American soprano Julia Bullock is a force of nature. The expression seems to come up often in conversations, whether with admiring fellow singers or senior composers who have written for one of the most arresting voices of her generation. “Julia Bullock is ravishing as Kitty,” wrote critic Steve Moffatt of the recent Warner Classics account of John Adams’ Doctor Atomic, winner of 2018’s Limelight Opera Recording of the Year. “It would be hard to imagine a better Dame Shirley than Julia Bullock,” I wrote of her performance in Adams’ latest opera, Girls of the Golden West, following its San Francisco premiere. “Her smoothly energised soprano caresses Adams’ lyrical lines while her immaculate diction ensures not a syllable of [her] memorable words are lost.”

Julia Bullock & Davóne Tines in Girls of the Golden West. Photo © Corey Weaver/San Francisco Opera

Force of nature, yes, but also a force of nurture. “The first solo I ever sang in public was a slave song,” Bullock writes in a think-piece for the Metropolitan Museum in New York. “My sister and I performed the song in front of an all-white congregation at my home church in a historically – and still very much – segregated suburb in St. Louis, Missouri.”

A singer of mixed heritage, white and black, she grew up well-educated and loved with a father who would sing his children civil rights songs and take his family to support groups for mixed families. A student of African American studies, her music is infused with a rich legacy of gospel and traditional song, yet she’s open about the challenge of coming to terms with the complexities of skin colour and an insidious racism that found her often characterised as neither one thing nor the other. “I also developed a special sort of shame that was a dreaded accompaniment to my external colour,” she writes, “so I intentionally left no space to internalise the depths and beauty of my heritage.”

Through it all, the music was a comfort and support. “Your father shared a jail cell with Dr. King after a sit-in,” Bullock recalls her mother saying. “What did you do when you got scared during the protests?” her mother once asked her father. “We sang,” is what he told her.

Although she didn’t grow up listening to classical music, coming to the performing arts as many of today’s young singers do through musical theatre and dance, she was introduced to opera in her teens by her stepfather. “He gave me his favourite recordings and DVD performances of opera and classical vocalists and I just fell in love with their sound,” she tells me. “I fell in love with the complexity of the poetry, the music, all of it, and it changed my focus.”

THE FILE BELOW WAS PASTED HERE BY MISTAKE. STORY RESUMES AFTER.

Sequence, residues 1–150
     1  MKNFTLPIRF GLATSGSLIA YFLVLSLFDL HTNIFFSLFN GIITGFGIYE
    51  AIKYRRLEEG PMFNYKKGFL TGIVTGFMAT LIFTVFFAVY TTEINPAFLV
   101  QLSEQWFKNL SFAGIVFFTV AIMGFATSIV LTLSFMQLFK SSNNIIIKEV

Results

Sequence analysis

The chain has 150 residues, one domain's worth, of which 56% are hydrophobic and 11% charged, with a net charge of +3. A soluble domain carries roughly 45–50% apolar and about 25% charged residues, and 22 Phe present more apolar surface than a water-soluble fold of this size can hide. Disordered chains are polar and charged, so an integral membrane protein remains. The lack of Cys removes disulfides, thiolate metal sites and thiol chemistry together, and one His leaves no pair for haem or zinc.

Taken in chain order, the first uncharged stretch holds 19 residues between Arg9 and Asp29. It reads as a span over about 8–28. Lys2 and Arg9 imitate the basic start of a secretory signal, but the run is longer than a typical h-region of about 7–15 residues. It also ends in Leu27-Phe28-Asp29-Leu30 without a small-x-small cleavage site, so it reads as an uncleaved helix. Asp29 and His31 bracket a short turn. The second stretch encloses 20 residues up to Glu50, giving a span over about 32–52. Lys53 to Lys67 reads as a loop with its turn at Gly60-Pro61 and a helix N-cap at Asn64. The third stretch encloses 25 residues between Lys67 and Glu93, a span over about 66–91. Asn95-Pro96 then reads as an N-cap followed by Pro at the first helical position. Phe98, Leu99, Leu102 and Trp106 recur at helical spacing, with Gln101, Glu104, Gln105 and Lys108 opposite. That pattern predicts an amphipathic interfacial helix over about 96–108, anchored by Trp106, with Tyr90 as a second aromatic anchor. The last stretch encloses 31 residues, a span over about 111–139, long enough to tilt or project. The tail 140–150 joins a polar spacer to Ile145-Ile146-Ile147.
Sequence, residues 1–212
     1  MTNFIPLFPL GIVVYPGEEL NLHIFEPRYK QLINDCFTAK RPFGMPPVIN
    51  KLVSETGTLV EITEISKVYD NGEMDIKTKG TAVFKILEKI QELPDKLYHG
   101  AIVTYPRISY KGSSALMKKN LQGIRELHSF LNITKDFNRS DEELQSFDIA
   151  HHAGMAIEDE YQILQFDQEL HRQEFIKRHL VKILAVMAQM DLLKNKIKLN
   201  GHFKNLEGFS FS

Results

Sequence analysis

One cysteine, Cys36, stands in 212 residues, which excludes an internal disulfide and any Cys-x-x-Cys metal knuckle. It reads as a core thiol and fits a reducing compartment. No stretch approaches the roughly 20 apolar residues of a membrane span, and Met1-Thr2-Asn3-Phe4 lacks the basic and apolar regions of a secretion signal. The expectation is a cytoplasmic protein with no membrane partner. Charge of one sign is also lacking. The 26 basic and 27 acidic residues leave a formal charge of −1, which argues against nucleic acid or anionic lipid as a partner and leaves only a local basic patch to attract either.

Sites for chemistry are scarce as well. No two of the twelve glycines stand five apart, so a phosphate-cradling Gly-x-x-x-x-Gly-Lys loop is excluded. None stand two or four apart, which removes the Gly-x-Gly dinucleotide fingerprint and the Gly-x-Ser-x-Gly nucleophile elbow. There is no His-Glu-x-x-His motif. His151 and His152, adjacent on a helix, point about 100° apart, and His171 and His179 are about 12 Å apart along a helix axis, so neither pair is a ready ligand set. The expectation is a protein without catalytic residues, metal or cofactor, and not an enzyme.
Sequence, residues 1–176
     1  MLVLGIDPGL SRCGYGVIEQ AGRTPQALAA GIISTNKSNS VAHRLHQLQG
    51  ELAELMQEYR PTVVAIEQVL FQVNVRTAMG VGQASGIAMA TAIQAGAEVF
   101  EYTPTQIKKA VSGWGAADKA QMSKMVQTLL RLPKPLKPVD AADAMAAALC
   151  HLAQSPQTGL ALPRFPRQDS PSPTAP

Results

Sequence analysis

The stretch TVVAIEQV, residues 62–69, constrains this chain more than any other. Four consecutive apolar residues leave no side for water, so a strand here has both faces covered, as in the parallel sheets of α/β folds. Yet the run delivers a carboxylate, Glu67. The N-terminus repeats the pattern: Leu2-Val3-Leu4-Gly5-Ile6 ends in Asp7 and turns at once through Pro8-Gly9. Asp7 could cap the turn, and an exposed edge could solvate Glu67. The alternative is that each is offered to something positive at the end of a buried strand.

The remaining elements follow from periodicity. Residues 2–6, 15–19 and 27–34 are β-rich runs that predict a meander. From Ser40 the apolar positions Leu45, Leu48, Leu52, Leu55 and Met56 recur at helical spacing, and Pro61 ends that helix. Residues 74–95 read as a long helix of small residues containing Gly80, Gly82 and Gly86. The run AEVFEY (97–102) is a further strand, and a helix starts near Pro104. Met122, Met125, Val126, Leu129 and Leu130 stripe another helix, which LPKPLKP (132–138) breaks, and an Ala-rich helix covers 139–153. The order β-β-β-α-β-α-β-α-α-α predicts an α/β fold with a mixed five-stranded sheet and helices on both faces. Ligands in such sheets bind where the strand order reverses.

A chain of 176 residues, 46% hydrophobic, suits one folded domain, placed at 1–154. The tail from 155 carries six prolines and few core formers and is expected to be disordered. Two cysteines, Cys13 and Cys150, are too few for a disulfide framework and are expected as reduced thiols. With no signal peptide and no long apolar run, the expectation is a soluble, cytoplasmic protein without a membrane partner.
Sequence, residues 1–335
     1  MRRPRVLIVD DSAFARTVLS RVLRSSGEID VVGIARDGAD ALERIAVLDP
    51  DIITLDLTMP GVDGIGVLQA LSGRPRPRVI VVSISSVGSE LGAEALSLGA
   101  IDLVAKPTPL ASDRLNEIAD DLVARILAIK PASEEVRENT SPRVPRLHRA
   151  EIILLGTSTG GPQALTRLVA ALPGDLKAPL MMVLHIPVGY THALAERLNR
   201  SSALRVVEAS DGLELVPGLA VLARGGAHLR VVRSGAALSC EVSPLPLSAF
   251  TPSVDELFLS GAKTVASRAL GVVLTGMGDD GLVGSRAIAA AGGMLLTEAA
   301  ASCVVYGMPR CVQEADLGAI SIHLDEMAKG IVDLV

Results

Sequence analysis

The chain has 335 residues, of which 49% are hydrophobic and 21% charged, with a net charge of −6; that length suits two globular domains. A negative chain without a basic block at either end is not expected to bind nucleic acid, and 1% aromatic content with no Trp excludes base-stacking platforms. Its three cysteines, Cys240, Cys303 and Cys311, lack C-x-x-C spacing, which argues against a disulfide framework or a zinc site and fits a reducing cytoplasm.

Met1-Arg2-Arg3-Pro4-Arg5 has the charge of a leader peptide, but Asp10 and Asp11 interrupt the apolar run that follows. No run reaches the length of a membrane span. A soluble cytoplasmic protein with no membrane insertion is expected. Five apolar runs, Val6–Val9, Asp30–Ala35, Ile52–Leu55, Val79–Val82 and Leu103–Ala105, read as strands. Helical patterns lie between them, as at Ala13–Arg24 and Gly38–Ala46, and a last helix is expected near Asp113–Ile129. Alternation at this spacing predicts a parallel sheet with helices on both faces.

Asked to name a few inspirational singers, she thinks a little before naming Régine Crespin as top of her go-to list, but the names soon come tumbling out: “There was Kiri Te Kanawa and Frederica von Stade in a Glyndebourne production of Le Nozze di Figaro. Cecilia Bartoli as well. She just knows how to deliver music in a way that convinces everyone to go on a ride with her. Kathleen Ferrier, Janet Baker – there’s a lot of mezzos, now that I think about it. Lorraine Hunt Lieberson in Theodora was one of the most stunning performances, even on a 14-inch screen. Even if that was the only thing that I had seen, it would have helped me understand what staging classical music was about and the potential and depth of the experience in classical music.”

Julia Bullock. Photo © Derrick Belcham

In fact, the director of that Theodora, Peter Sellars, would go on to have quite an impact on Bullock’s life, but first she had to acquire a little polish and determination. “I was taking voice lessons but not super seriously. I wasn’t really practising,” she admits. “I was studying with this one teacher in St. Louis and she said, ‘I think if you really wanted to go into this you could. You have a voice that could develop into something, do you know anything about classical music at all?’ I just didn’t so she introduced me to my first Mozart arias and then around that time I got into the Artists-In-Training Program at the Opera Theater of St. Louis where they give you free voice lessons every week, free coaching, and they take you to concerts. I was grateful because I went on to the Eastman School of Music right after that. But I started taking responsibility for my voice and an interest in the repertoire pretty early on.”

Winning the Young Concert Artists competition six years ago at the age of 26 was an important step up the ladder for Bullock. They managed her, helped build relationships with small orchestras across the US, and set up her first recital tour. She immediately found the freedom to program as she wanted for the first time liberating. “I had been waiting for quite some time to program songs by Josephine Baker for example,” she explains. “The entire second half was focused on the objectification of people of colour, specifically of black women and when Peter’s producer saw me in that recital in New York she said ‘oh Peter, it might be interesting to work on a project where Julia’s exploring more of Josephine.’ So, he called me up and said if you want to keep looking at this subject matter, focusing on her, I want to help create a platform for you to do that.”

The result was Perle Noire: Meditations on Joséphine, a show that Sellars and Bullock have been refining since 2016 and which last month she presented to critical acclaim on the grand staircase of the Metropolitan Museum. But Sellars has proved more pivotal than even that. “I would say that every time I’ve worked with Peter it has been pretty instrumental in some sort of big shift,” she declares. “He just helped me take more ownership of my truest self, because he’s so not interested in quote unquote opera singing, he’s looking for human utterances from his performers.”